It's a Southern thing.
A Purdue University historian says credit really belongs to thousands of Southern white women.
"If Confederate men would have organized memorials to honor their fallen soldiers in 1866, a year after the Civil War ended, it would have been considered treason against the United States," says Caroline Janney, an assistant professor of history. "Instead, women organized each event, and the men were figuratively hiding behind the skirts of these women. The memorial celebrations served as shields so that participants could simultaneously criticize the postwar government and praise their 'Lost Cause.' What many people don't realize is that these women, who are often portrayed as politically indifferent, were motivated by politics, too."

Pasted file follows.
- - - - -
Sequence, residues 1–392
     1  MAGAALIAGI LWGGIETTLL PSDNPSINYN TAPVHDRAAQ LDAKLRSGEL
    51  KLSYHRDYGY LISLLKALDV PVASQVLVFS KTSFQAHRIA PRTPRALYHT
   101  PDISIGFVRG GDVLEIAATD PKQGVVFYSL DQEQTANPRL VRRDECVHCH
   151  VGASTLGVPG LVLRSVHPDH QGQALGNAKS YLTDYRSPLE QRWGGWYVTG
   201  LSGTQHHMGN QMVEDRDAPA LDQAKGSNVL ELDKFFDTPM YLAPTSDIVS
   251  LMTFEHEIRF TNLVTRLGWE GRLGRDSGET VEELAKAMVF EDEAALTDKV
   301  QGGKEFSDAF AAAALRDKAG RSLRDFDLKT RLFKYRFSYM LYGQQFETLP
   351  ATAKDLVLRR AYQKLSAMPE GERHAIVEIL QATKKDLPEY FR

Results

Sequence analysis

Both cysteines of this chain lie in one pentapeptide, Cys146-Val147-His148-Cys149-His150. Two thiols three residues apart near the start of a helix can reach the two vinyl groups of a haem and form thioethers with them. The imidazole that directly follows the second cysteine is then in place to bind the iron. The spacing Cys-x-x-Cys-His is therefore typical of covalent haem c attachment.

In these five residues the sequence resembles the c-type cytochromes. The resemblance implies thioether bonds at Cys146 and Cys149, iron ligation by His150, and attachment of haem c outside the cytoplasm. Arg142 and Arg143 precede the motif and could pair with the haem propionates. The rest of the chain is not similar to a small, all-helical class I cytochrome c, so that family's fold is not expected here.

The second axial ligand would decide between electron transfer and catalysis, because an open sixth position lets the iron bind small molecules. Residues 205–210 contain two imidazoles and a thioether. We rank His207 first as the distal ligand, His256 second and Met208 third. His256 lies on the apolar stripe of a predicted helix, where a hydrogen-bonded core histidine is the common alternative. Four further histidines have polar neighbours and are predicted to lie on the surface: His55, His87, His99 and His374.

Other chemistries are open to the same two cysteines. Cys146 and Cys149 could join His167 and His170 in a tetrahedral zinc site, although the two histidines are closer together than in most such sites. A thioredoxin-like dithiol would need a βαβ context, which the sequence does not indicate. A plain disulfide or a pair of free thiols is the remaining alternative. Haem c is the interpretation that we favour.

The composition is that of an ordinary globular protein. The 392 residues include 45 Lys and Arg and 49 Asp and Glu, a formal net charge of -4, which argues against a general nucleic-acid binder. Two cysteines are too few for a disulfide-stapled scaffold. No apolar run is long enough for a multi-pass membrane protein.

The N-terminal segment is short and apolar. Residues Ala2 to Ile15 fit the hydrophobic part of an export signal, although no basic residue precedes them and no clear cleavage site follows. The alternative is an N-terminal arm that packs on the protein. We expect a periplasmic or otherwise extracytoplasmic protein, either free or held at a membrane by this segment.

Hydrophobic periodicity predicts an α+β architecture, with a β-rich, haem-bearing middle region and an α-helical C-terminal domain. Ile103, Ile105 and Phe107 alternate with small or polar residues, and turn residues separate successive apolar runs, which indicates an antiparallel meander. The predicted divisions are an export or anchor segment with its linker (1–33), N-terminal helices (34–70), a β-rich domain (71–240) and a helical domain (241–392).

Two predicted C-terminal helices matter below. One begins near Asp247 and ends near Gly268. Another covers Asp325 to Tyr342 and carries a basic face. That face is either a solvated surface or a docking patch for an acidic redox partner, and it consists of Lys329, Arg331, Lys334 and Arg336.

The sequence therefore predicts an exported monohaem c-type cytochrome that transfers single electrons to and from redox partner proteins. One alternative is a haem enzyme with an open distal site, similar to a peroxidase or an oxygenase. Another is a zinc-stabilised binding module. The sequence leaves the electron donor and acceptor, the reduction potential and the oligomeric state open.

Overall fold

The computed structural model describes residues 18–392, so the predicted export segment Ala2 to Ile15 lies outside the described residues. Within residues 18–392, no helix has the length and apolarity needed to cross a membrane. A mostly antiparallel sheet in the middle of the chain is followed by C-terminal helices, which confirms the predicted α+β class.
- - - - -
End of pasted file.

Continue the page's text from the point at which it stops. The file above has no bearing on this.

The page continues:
The women, through Ladies' Memorial Associations, organized dozens of memorials during the spring of 1866 and the years after. While Memorial Day is now a one-day celebration, historically these memorials were scheduled throughout the spring as a sign of renewal and rebirth, and each community chose its own symbolic date on which to gather. For example, some selected the May 10 anniversary of Gen. Thomas "Stonewall" Jackson's death while others settled on April 26, the day Gen. Joseph E. Johnston surrendered his troops in 1865.
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